Renaming can change perception. Spectrum is the trade name for Charter Communications, sometimes called Charter Spectrum.
After emerging from its 2009 Chapter 11 Bankruptcy, Charter Communications needed to rebrand itself and start fresh with customers. This transformation took place over several years, and wasn’t finalized until 2014 when Charter was in the midst of an attempted acquisition of its larger rival Time Warner Cable.
Second Place Struggle
Spectrum is the second largest cable company in the United States, just behind Comcast. The company goes back to 1993, when founders Howard Wood, Jerald Kent, and Barry Babcock incorporated the company in Missouri.
Charter Communications, as it was known then, systematically acquired competitors to expand its services far beyond its original base of services. The company either acquired or merged with Crown Media Holdings, Cable South, Earthlink, Marcus Cable, American Cable Entertainment, Renaissance Media Group, Avalon Cable TV, Falcon Cable TV, Vista Broadband, Helicon Cable Communications, Greater Media, and more. These mergers and acquisitions spread the company’s reach from Missouri to most of the states in the continental U.S.
Through all of its dealings, Charter Spectrum remained smaller than its largest rivals.
Four Charter executives were indicted in 2002 for improper financial reporting of the company’s subscriber numbers in order to inflate the company’s value and raise stock prices. Two years later, the company settled a class action lawsuit that was also associated with that investigation. Former and current shareholders were awarded one hundred and forty-four million dollars.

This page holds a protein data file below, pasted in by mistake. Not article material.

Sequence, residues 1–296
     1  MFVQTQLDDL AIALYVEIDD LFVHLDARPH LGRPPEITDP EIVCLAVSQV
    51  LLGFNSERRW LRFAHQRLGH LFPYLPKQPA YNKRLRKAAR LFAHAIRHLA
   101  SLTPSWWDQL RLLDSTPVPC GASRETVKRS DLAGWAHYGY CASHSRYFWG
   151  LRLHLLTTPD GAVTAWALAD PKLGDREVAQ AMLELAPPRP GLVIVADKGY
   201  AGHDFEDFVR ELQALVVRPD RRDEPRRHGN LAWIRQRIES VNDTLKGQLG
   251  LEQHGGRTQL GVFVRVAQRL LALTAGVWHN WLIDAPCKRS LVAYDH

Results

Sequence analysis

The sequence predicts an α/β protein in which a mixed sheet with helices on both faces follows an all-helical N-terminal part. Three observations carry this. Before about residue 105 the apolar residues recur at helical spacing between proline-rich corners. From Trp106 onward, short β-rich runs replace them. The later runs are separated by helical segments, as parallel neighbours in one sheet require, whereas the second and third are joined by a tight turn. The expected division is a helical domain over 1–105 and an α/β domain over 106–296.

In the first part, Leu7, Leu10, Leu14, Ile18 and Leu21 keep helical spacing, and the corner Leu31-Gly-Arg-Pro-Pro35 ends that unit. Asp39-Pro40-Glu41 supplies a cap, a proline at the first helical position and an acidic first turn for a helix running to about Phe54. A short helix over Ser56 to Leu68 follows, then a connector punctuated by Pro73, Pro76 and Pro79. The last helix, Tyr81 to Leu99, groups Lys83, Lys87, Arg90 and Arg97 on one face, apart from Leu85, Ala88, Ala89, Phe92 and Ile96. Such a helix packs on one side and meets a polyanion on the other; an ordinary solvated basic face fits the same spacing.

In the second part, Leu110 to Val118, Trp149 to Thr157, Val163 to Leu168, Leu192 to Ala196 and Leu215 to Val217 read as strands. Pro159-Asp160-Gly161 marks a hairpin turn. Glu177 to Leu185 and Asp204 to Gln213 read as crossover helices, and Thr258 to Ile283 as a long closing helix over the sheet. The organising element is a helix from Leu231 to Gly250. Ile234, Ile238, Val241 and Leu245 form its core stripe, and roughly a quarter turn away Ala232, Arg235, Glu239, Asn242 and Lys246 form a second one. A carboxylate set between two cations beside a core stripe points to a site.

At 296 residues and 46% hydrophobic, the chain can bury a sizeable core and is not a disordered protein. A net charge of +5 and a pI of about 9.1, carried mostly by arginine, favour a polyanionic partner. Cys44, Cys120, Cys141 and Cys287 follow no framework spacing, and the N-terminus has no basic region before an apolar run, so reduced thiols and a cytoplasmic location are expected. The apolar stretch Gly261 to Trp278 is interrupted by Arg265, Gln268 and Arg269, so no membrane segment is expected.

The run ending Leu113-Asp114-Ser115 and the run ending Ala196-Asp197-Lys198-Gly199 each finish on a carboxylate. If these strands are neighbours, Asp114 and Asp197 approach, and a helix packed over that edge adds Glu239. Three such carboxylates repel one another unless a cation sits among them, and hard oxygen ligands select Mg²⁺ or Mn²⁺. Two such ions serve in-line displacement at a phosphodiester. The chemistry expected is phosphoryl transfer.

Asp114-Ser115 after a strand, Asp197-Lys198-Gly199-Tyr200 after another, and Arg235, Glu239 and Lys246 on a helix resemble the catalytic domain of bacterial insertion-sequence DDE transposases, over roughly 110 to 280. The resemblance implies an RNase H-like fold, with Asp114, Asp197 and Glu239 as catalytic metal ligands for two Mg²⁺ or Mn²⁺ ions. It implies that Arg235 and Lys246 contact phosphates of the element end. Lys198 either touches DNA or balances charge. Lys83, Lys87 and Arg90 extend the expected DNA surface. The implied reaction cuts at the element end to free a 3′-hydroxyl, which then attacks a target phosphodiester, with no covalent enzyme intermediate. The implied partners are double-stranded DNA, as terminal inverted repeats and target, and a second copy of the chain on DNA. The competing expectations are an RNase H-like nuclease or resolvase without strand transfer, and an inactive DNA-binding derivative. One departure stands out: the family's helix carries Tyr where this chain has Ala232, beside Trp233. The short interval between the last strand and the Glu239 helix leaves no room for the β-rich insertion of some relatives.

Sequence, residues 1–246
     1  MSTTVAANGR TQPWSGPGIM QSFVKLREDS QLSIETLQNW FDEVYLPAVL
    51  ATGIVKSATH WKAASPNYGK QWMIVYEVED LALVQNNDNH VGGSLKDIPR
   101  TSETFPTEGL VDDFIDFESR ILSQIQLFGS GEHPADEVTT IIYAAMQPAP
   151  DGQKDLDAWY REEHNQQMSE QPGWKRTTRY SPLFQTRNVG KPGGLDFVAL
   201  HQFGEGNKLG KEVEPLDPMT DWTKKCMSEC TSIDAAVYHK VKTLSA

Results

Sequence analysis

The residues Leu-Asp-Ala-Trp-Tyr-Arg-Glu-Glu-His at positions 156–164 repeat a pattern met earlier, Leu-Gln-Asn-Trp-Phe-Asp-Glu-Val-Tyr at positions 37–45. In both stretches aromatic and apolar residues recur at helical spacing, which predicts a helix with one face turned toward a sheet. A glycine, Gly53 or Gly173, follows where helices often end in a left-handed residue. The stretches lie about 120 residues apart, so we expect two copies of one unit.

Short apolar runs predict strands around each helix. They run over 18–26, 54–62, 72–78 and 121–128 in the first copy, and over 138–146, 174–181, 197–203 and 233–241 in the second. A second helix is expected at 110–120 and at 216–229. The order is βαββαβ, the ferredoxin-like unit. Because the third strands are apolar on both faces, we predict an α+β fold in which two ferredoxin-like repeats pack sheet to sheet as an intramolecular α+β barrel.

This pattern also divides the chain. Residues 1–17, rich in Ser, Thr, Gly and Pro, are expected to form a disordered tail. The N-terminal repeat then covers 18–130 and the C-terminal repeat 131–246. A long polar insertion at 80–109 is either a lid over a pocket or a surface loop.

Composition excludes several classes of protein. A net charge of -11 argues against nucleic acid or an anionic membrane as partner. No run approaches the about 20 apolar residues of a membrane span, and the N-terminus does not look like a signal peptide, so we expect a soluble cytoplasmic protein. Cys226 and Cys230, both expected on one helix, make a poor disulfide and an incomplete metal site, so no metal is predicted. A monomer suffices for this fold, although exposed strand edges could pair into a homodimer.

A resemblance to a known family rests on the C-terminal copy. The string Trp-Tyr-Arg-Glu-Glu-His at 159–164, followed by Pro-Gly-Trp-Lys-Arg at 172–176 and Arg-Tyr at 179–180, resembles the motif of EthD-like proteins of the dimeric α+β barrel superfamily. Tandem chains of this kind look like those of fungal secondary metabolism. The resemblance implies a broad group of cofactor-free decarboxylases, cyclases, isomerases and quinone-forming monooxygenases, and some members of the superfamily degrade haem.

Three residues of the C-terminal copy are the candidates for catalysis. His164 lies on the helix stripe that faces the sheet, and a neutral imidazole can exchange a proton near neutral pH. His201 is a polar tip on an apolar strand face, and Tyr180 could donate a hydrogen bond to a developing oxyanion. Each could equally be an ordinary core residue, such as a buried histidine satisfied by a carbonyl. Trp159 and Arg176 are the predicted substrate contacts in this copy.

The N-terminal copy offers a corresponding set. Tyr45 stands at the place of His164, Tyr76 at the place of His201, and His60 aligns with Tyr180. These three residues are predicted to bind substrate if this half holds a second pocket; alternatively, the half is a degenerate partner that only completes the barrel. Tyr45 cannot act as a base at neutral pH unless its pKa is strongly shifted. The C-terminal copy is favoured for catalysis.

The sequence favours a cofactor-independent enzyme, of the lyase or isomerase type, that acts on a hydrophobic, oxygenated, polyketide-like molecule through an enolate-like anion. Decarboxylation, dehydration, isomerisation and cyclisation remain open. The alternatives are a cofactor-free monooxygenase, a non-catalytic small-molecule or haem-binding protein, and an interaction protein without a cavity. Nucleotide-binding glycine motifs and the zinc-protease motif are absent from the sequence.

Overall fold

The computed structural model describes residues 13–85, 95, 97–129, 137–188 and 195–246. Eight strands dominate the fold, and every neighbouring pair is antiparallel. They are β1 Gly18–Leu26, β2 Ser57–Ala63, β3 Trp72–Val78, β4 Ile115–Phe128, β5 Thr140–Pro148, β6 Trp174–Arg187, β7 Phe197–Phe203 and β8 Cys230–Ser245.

High Stakes Transition
Initially, the company was a cable television services company. With the sudden spread of high speed internet as a critical component of business and daily life in America, the company’s focus changed to broadband.
The transition proved to be a difficult one. The company struggled to maintain its listing on the NASDAQ and was given a warning in 2008. This time proved to be the lead up to its Chapter 11 filing. Through that process, the company was able to reduce its debt by eight billion dollars and to add three million additional dollars in refinancing and new investment.
Acquisition remained a central strategy to Charter and later Spectrum’s business strategy. The company purchased Optimum West and merged with Liberty Media in the years directly following its bankruptcy. These strategies helped it to grow and prevented further losses.
Coverage and Costs
Spectrum has a massive coverage across the United States. It services around twenty-five million people in the United States across forty-one states. It has significant service coverage in all forty-eight contiguous American states.
Residential cable services for Charter Communications are known as Charter Spectrum. When the rebranding of Charter was rolled out in 2014, it included a massive and expensive upgrade to the services the company would provide for its customers. This included a new and totally digital network for its broadband, video, and voice operations. Coaxial cable based networks were heavily relied upon prior to this change, and moving to fiber optic lines provided customers with much higher bandwidth speeds than had been previously available with its older cable infrastructure.
Spectrum provides a huge range of services to its customers. With the advent of modern technology and with smart acquisitions, Spectrum has emerged from the shadows of Charter’s failings to maintain its status as the second largest communications company in America.